Issue 5 / 2 August 2010

Last week, the Prime Minister announced pre-election funding for new medical and nursing positions to train young doctors and nurses in Emergency Medicine.

Although not strictly “new money” (these funds were allocated in the May federal budget), as AMA President Andrew Pesce said, it is a welcome measure but it must be accompanied by a suite of hospital-wide solutions to the problem of overcrowded emergency departments (EDs).

As I explained in a previous blog, ED overcrowding is not about patients with simple problems who could go to their GPs – these cases are relatively easily and cheaply managed.

There are three key issues that need to be addressed to improve patient flow and cut overcrowding, all of which need to be managed concurrently to free up our EDs for swift management of new patients. These include access block, adequate trained staff and policy back-up.

We know from local research that long delays in bed placement affect patient morbidity and mortality, quite apart from blocking access for new patients and making ED an intolerable workplace for staff.

While we also know that the main solution is the provision of adequate numbers of acute beds, this is not enough. We need an adequate supply of trained ED staff to safely assess and treat the arriving patients and discharge or admit them to the appropriate team.

In this era of sub-specialisation, inpatient units prefer patients who fit nicely into their chosen sub-specialty. Registrars do their best to “deflect” the complex patients with comorbidities from their teams.

Unfortunately, this model conflicts with the increasing number of complex elderly patients who need inpatient treatment. In this situation, it is the ED doctor who acts as patient advocate, having to negotiate care for them.

This brings me to the second and third main arms of patient flow strategy – the importance of having adequate numbers of trained ED staff, and giving them the policy back-up to do their jobs effectively.

Many readers might not have been working in hospitals while the specialty of emergency medicine was developing. In the past, junior doctors did initial “clerking”, and inpatient registrars made decisions about admission or discharge.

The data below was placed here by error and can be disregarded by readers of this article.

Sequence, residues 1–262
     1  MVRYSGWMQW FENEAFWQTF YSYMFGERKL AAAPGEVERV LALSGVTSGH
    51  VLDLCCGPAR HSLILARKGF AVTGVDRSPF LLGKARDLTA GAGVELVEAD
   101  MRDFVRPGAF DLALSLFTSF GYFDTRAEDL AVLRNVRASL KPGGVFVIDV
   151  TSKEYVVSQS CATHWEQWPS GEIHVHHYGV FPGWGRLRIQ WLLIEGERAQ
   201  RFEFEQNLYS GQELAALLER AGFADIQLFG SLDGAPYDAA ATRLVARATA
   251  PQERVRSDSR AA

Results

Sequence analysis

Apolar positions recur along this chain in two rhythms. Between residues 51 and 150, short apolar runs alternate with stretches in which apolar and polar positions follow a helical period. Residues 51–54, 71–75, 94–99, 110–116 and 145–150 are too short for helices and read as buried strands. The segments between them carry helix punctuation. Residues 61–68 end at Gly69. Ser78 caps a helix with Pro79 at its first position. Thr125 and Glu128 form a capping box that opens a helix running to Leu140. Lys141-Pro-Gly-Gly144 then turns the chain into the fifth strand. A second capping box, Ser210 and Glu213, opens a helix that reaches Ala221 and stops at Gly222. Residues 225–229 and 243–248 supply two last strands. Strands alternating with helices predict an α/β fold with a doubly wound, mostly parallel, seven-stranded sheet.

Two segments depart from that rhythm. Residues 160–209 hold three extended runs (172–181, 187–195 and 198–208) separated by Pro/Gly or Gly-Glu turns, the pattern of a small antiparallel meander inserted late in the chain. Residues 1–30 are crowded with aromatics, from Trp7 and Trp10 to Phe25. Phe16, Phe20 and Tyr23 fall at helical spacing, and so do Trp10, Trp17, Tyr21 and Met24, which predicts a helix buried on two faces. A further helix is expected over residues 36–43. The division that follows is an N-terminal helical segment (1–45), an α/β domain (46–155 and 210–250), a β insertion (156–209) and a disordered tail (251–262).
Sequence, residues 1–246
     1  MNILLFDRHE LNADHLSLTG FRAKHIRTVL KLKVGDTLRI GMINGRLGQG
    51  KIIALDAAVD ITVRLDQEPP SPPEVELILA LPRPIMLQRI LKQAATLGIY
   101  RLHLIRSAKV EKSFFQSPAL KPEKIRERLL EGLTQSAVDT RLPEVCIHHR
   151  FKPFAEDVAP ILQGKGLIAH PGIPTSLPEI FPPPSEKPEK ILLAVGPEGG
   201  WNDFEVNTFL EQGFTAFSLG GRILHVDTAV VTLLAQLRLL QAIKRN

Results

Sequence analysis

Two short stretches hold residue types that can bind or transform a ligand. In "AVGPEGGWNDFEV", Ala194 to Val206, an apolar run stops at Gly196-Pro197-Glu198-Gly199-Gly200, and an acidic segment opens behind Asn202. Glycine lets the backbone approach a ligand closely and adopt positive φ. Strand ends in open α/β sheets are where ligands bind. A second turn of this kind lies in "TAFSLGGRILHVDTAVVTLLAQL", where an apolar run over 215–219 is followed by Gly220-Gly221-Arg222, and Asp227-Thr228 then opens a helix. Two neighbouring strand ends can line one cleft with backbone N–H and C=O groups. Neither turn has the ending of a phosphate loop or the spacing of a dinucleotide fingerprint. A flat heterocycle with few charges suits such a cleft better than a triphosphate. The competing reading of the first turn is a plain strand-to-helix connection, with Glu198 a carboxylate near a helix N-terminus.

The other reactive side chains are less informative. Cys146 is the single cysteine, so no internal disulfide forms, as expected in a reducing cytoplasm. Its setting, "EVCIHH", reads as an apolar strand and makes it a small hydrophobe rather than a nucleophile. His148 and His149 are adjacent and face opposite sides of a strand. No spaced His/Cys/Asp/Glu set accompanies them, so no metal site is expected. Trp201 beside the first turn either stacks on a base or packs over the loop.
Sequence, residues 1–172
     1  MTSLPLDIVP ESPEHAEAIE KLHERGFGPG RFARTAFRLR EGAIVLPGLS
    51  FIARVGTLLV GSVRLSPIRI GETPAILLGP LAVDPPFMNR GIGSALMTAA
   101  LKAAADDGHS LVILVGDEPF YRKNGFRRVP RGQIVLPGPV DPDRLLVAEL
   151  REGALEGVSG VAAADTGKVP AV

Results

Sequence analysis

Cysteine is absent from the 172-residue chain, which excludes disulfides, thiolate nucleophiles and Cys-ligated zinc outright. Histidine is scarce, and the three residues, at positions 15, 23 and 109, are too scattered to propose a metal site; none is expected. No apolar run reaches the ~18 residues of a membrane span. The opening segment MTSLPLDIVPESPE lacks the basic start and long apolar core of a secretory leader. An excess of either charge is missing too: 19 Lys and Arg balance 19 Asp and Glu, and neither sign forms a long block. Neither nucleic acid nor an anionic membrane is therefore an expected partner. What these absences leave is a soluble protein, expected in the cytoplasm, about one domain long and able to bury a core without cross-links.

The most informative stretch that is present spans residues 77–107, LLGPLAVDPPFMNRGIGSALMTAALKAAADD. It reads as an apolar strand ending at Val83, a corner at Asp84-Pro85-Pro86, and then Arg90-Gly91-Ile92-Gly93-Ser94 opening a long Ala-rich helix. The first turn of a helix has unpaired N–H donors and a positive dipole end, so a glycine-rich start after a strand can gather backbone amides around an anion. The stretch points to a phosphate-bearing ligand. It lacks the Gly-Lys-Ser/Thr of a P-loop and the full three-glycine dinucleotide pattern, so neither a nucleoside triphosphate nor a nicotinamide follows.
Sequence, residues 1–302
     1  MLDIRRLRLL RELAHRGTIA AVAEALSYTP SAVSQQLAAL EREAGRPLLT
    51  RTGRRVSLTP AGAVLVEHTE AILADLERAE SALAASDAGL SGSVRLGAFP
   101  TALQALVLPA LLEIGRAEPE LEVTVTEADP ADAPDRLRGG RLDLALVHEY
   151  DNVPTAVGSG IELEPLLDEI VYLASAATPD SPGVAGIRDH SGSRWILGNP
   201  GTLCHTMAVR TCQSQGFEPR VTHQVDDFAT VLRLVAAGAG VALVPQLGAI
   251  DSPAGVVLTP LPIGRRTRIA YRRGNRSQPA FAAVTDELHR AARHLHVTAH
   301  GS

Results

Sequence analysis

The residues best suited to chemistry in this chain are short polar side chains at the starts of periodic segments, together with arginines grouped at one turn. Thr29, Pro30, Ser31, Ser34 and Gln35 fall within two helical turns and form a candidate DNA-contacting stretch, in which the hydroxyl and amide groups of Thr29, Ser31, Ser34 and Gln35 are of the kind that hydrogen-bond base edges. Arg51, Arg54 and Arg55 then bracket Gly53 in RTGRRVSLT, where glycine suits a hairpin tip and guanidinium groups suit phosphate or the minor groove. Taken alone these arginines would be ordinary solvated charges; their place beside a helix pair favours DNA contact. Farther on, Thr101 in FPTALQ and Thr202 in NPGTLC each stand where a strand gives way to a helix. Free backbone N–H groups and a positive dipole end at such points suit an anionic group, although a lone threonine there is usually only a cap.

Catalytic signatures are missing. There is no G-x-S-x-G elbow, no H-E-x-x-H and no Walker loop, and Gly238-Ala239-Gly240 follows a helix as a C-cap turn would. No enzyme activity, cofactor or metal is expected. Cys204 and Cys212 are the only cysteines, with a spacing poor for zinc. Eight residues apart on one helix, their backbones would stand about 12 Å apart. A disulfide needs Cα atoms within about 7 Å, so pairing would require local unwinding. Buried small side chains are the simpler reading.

This approach is no longer effective in today’s acute hospitals.

For EDs to function adequately, both nursing and medical staff have to be purpose-trained; there must be an effective ratio of senior to junior medical staff; and there must be enough staff with the wisdom and confidence to advocate effectively for patients.

Many readers will remember their ED time as a great learning experience. There is no doubt that it still is, but the patients and regulators of today also expect a safe and effective service.

Without an important boost in resources, appropriate policies and an adequate bed base, our current EDs might just choke. Let’s hope the resuscitation team is ready to deliver before the pulse fades.

Dr Sue Ieraci is a specialist Emergency Physician with 25 years’ experience in the public hospital system. Her particular interests include policy development and health system design, and she has held roles in medical regulation and management. In addition to her emergency department work, Sue runs the health system consultancy SI-napse.

One thought on “Sue Ieraci: Will Gillard’s cash injection resuscitate our emergency departments soon enough?

  1. Peter Arnold says:

    Great stuff, Sue! But where are they going to find enough young people to learn nursing? Not to mention the university courses which remove all those willing hands from the ward for years – while these young women in nurse training approximate child-bearing age.

    The introduction of university training for nurses might have satisfied some intellectual aspirations, but its effects on nurse numbers has been devastating. We depend now so largely on foreign-trained (or untrained) young women, often with poor English.

    So by whom will the patients in any proposed additional beds be nursed? I encourage any friends going into hospital nowadays to have a relative with them at all times – to minimise ‘adverse outcomes’.

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